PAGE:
The UN refugee agency will travel near the Vietnamese border in Ratanakkiri province today to search for about 30 Montagnards, the first of about 90 asylum-seekers believed to be hiding in the province’s thick jungles.
UNHCR officials met with Ratanakkiri authorities Monday and received “full cooperation” in their search, said Chung Ravuth, a field officer with the UN High Commissioner for Refugees.
This is the UNHCR’s third trip to search for Montagnard asylum-seekers in the past three months, a sign that once-strained relations between the UN agency and the government have improved considerably. Though it took weeks of media reports detailing the plight of hungry and sick asylum-seekers before the government allowed the UNHCR to make its first trip to Ratanakkiri in July, subsequent requests to travel to the province have been granted in a timely manner.
On its first two trips, the UNHCR collected 282 Montagnards and brought them to Phnom Penh to assess their asylum claims. This time, the UNHCR has information that 91 Montagnards are hiding in three separate Ratanakkiri locations, Chung Ravuth said.
UNHCR officials plan to travel to O’Yadaw district today, and then to Andong Meas and Lumphat districts, where other groups are reportedly hiding.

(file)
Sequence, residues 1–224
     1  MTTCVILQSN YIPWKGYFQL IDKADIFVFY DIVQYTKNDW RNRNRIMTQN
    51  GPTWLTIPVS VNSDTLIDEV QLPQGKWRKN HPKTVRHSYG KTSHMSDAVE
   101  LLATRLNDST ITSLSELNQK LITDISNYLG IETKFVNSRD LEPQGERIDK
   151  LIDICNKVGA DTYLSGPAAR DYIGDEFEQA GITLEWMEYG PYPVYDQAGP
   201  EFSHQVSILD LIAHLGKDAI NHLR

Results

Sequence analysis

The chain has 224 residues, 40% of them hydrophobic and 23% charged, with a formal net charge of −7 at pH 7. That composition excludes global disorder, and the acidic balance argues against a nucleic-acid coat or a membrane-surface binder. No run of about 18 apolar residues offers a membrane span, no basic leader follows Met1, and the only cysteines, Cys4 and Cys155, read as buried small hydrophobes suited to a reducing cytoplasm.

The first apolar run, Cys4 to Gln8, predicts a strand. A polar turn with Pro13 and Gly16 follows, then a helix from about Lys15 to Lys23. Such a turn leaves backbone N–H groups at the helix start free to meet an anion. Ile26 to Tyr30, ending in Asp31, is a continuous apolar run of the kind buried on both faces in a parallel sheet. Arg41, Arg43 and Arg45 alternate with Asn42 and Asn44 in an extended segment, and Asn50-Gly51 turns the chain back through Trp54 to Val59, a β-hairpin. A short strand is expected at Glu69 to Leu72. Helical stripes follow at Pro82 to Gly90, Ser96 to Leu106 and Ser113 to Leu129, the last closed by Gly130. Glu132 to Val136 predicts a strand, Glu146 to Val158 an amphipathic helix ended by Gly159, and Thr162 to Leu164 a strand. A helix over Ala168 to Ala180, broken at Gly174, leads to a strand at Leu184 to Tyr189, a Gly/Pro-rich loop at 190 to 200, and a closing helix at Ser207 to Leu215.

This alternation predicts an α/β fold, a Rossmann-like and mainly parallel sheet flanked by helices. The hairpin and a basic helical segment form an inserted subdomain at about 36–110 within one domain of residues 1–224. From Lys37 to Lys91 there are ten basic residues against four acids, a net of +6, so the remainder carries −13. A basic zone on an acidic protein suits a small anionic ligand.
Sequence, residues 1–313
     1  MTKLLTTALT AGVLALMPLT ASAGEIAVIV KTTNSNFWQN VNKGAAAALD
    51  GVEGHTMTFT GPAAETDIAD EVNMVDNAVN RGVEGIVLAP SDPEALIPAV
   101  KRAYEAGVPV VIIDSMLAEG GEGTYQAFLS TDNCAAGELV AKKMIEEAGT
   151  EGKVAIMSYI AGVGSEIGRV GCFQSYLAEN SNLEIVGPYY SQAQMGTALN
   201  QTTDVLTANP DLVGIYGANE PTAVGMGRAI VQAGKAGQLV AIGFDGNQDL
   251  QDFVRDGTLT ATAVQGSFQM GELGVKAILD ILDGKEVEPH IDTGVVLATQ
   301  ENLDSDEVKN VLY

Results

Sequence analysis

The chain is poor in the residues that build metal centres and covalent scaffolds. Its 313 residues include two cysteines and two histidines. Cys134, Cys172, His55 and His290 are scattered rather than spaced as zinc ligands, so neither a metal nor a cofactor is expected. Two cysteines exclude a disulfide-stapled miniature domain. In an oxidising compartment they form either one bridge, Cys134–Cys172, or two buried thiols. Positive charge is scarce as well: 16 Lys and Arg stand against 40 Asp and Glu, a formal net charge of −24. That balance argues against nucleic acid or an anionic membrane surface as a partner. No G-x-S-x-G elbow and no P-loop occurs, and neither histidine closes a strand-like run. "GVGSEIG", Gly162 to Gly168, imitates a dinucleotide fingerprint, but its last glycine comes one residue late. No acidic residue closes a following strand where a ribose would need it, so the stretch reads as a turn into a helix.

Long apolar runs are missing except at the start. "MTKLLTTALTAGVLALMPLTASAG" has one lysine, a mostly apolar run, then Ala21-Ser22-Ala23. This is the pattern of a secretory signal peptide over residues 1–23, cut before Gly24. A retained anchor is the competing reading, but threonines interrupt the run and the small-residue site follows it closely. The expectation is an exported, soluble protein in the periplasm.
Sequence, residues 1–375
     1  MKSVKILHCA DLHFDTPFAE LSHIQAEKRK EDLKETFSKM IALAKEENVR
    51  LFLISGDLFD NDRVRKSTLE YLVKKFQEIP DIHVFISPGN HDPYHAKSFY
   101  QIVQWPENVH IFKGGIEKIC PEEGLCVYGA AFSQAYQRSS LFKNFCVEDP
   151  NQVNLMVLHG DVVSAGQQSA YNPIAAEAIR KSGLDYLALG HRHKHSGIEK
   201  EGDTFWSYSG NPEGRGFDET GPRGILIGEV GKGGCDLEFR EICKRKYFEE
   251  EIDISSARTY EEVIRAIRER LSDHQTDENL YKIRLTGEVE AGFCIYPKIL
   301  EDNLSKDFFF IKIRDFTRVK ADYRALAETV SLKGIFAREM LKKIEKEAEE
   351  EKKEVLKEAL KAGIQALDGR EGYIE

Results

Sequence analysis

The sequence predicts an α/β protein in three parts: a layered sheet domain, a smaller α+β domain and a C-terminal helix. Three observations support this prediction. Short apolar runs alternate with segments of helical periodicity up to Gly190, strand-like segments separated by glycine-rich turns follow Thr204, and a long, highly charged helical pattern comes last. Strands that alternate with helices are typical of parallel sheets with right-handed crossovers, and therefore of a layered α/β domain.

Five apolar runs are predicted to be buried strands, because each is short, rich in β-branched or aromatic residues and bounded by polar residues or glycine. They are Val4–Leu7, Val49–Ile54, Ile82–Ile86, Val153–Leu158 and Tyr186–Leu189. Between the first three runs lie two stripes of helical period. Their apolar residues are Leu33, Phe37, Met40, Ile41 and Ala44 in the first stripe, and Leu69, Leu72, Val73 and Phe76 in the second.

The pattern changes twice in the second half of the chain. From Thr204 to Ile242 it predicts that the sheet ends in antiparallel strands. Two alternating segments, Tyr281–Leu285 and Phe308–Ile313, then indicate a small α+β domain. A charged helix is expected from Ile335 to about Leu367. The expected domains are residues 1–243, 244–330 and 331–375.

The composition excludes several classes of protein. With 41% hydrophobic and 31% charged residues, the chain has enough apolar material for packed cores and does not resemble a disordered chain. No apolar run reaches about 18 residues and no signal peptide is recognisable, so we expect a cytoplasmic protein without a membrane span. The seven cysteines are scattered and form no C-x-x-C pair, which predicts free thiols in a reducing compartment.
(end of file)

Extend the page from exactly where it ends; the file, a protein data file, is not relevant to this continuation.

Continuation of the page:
Despite the UNHCR’s presence, Ratanakkiri villagers continue to report that Vietnamese police are searching the jungles so they can arrest and deport Montagnards, said Pen Bonnar, Adhoc’s provincial coordinator.
Five Montagnards were arrested and deported Saturday near O’Yadaw’s Pok Touch village, Pen Bonnar said.
Hor Ang, Ratanakkiri’s deputy police chief, said he had not heard of the arrests.
Meanwhile, Deputy Prime Minister Sar Kheng was attending a meeting in Ho Chi Minh City with his Vietnamese counterpart Monday to “discuss and cooperate” on ridding the border area of “crime and illegal immigration,” said Nuth Sa An, secretary of state at the Interior Ministry.
“We did not talk about the Montagnards” at the meeting, he said.
(Additional reporting by Thet Sambath)
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